public function __get($name) {
        Logger::log('Getting property: ' . $this->class_name . '->' . $name);
        return $this->getInstance()->$name;
    }

    public function __set($name, $value) {
        Logger::log('Setting property: ' . $this->class_name . '->' . $name);
        $this->getInstance()->$name = $value;
    }

    public function __isset($name) {
        Logger::log('Checking isset for property: ' . $this->class_name . '->' . $name);
        return isset($this->getInstance()->$name);
    }

    public function __unset($name) {
        Logger::log('Unsetting property: ' . $this->class_name . '->' . $name);
        unset($this->getInstance()->$name);
    }
}

To log the calls you can simply echo out the request in each magic method or you could make it more sophisticated with the help of FirePHP and FireBug. I use the latter and it is really handy to see where the legacy code is calling classes and methods that it should not be!

The only hiccup I have found with this system is that all tests using method_exists() need to be changed to be is_callable(). This is because the former appears to use PHPs introspection methods where as the latter attempts to call the method from what I can guess.

This design pattern also has another application in systems that make extensive use of global objects which are instantiated at bootstrap. It will save memory as only the classes that are actually referenced will be instantiated just in time.

I recently used this to make a large legacy application more efficient. In the bootstrap file it simply looped through all the files in a directory called classes and looked for files beginning with a certain prefix (for example SYSBlog.php or SYSSessions.php). When it found a file it would load it via require_once() and then using eval() it would instantiate the class. This would subsequently be used globally as you can see below.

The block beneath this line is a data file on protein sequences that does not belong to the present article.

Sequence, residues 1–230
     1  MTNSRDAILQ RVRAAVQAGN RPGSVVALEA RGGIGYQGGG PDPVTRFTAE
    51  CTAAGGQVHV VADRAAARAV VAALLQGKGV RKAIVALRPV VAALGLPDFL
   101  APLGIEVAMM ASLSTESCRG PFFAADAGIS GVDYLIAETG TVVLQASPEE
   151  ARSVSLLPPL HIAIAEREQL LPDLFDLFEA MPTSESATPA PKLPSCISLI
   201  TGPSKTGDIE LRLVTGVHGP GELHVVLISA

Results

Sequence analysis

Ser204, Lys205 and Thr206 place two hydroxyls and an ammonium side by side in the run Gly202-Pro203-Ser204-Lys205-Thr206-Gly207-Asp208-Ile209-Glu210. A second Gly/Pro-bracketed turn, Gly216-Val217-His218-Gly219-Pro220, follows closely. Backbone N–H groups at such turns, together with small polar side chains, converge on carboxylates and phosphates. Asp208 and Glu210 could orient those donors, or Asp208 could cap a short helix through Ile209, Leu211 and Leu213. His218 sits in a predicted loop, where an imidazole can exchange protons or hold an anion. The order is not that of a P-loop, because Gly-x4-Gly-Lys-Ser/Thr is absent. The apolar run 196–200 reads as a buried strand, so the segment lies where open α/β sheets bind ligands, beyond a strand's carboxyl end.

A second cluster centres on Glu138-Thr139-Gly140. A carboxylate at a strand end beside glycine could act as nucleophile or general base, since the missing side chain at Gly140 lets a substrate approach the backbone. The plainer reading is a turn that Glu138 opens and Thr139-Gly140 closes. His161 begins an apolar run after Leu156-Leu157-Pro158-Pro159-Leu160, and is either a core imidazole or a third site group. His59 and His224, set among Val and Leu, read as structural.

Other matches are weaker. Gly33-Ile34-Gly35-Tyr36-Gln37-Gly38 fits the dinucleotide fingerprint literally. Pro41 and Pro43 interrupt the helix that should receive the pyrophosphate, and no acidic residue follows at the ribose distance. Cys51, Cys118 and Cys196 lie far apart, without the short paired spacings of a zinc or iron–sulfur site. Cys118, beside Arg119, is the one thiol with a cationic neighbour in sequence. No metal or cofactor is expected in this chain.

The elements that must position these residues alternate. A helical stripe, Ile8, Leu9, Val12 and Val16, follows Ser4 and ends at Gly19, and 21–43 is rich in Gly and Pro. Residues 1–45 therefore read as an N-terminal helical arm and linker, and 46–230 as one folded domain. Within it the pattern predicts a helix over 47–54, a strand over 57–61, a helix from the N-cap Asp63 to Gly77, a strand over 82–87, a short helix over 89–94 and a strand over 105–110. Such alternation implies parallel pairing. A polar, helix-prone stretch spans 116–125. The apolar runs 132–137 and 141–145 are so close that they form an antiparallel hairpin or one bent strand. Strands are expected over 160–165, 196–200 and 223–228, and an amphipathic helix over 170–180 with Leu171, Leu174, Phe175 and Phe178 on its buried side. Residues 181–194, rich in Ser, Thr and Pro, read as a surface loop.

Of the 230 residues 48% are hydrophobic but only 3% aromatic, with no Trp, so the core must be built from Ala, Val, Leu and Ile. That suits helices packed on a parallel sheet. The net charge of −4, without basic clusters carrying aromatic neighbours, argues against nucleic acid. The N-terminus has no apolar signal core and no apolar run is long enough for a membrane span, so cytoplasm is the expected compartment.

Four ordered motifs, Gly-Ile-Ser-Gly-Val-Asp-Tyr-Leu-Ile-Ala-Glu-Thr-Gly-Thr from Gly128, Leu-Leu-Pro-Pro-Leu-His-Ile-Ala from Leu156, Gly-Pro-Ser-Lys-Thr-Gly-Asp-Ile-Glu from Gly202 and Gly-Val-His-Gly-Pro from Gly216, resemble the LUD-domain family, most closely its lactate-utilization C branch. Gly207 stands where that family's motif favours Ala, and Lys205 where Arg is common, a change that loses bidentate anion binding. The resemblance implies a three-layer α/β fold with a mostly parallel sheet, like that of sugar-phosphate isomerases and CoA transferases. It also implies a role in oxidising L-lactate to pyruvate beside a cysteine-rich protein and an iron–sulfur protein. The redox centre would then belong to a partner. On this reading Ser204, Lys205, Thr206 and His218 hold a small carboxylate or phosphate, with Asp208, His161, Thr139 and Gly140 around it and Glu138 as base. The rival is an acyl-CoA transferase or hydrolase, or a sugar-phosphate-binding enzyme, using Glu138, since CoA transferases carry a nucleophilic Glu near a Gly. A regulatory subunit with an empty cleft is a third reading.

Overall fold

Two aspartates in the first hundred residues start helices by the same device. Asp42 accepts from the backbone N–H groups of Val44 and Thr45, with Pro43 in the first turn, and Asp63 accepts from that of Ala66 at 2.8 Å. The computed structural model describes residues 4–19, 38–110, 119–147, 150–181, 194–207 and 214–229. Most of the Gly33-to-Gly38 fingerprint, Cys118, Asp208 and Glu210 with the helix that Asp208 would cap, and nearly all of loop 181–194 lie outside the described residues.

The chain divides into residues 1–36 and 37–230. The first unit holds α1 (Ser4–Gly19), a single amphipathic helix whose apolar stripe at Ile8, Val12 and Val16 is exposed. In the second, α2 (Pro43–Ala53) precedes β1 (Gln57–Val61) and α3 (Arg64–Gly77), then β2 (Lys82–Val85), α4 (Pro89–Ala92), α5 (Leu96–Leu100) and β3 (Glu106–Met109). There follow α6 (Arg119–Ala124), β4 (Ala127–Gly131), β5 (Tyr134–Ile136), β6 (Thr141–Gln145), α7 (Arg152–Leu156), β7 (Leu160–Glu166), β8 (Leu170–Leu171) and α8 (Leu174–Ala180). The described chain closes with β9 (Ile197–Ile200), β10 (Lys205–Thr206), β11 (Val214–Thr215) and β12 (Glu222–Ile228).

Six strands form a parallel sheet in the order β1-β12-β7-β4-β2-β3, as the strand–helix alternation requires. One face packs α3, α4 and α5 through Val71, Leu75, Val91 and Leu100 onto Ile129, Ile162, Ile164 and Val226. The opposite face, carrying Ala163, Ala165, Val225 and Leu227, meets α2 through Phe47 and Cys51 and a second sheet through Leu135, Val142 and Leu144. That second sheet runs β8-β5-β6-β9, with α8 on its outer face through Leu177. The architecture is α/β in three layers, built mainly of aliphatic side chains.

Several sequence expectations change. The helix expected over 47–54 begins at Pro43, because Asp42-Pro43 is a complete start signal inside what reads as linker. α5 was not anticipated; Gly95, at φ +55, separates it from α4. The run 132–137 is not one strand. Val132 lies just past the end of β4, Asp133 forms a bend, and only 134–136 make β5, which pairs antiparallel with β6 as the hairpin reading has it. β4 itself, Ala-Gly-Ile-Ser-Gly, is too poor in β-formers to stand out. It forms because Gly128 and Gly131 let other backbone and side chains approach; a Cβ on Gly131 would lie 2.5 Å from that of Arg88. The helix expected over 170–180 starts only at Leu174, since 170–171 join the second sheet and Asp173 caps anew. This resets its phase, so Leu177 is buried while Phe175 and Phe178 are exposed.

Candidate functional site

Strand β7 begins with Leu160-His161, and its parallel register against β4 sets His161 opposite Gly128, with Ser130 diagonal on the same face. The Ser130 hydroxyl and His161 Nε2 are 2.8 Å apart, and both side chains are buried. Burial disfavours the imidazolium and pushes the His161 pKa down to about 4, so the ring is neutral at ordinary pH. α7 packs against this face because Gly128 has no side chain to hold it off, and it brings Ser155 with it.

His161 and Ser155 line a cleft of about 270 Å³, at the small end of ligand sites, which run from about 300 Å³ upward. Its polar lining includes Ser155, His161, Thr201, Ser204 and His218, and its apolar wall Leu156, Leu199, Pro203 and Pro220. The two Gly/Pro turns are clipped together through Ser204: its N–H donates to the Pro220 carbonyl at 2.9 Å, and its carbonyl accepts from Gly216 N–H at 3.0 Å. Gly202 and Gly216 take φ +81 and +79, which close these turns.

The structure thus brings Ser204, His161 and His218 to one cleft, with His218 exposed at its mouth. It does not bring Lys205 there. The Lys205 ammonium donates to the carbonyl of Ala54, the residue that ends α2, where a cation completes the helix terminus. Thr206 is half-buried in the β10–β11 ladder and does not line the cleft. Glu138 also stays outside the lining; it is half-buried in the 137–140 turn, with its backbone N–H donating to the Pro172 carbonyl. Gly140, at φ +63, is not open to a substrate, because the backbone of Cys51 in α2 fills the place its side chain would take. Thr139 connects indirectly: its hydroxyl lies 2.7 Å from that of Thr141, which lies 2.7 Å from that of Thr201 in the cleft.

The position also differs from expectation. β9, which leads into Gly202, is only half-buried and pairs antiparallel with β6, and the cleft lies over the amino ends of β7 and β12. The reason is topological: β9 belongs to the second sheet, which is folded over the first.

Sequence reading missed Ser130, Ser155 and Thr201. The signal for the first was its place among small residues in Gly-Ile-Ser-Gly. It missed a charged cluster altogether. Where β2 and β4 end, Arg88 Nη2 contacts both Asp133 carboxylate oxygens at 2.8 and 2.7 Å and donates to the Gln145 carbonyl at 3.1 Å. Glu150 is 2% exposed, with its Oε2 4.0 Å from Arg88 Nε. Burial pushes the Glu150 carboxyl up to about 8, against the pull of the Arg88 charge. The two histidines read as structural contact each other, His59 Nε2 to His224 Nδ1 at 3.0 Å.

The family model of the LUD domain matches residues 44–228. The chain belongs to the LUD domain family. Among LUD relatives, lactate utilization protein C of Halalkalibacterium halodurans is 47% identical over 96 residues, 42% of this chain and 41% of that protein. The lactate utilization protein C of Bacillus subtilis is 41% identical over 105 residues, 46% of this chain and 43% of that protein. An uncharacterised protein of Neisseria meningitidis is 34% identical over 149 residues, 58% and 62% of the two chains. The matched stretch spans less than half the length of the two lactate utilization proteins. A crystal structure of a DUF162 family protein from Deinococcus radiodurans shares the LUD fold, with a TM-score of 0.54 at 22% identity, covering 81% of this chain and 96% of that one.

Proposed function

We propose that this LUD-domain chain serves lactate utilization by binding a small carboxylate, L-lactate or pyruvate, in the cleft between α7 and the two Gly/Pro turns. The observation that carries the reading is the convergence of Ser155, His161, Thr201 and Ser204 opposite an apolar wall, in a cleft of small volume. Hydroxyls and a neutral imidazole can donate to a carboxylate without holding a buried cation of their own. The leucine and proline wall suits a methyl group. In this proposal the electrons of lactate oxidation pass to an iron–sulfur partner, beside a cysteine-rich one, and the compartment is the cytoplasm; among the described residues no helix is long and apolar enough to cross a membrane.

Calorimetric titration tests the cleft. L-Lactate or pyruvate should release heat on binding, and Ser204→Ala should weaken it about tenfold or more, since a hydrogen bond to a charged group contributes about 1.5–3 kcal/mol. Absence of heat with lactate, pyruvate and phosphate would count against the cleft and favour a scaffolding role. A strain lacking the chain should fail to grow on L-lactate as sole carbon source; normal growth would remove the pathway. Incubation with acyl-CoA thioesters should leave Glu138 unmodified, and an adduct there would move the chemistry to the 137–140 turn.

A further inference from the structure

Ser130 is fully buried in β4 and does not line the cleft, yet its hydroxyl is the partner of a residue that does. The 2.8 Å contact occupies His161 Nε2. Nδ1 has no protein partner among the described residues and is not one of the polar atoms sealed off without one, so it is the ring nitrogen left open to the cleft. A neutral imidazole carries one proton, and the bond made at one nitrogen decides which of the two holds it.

<?php
$dir = 'classes/';
if (is_dir($dir)) {
    if ($dh = opendir($dir)) {
        while (($file = readdir($dh)) !== false) {
            if($file != '.' && $file != '..' && !is_dir($dir.$file)){
                require_once($dir.$file);
            }
        }
        closedir($dh);
    }
}
// SNIP
// some unrelated code such as DB connectors appeared here
// /SNIP
$classes = get_declared_classes();
foreach($classes as $class){
    if(substr($class,0,3)=='SYS'){
        $class2 = str_replace('SYS','',$class);
        eval('$'.strtolower($class2).' = new '.$class.'();');
    }
}

A few optimisations that could be applied to the aforementioned code would be to:

  • make use of the glob() function in PHP, which allows you loop through files that match a pattern. In this case something like glob('SYS*.php') would have done the trick.
  • remove the use of eval() which could just as easily be implemented using variable variables. So in the example this should be implemented as $$className = $className() and if you need to access a property $$className->getMethod().
  • make use of the SPL autoload functions that PHP provides to call the classes when they are needed.

But lets just be honest with ourselves; the code is crap and needs to be rewritten, but what if we do not have the time? Then we can use the following (only slightly improved I know):

<?php
$dir = 'classes/';
if (is_dir($dir)) {
    if ($dh = opendir($dir)) {
        while (($file = readdir($dh)) !== false) {
            if($file != '.' && $file != '..' && !is_dir($dir.$file)){
                require_once($dir.$file);
            }
        }
        closedir($dh);
    }
}
// SNIP
// some unrelated code such as DB connectors appeared here
// /SNIP
$classes = get_declared_classes();
foreach($classes as $class){
    if(substr($class,0,3)=='SYS'){
        $class2 = str_replace('SYS','',$class);
        eval('$'.strtolower($class2).' = new '.$class.'();');
    }
}

Now the class will only be loaded into memory when it is actually being used. This makes sense when you think that a response to a poll would never need to use methods in the blog classes for example. I found this technique was saving 30-70% of memory depending on the request. This could be most easily seen when making ajax requests as they often only made use of one class to perform their actions.

In the actual project the code is slightly different in that it does use an autoloader called Überloader written by Jamie Matthews (a colleague at Mosaic), which is available over on his github account. With the autoloader I was able to dispense with all the require_once()s and the need to pass the class path into the lazy loading proxy class.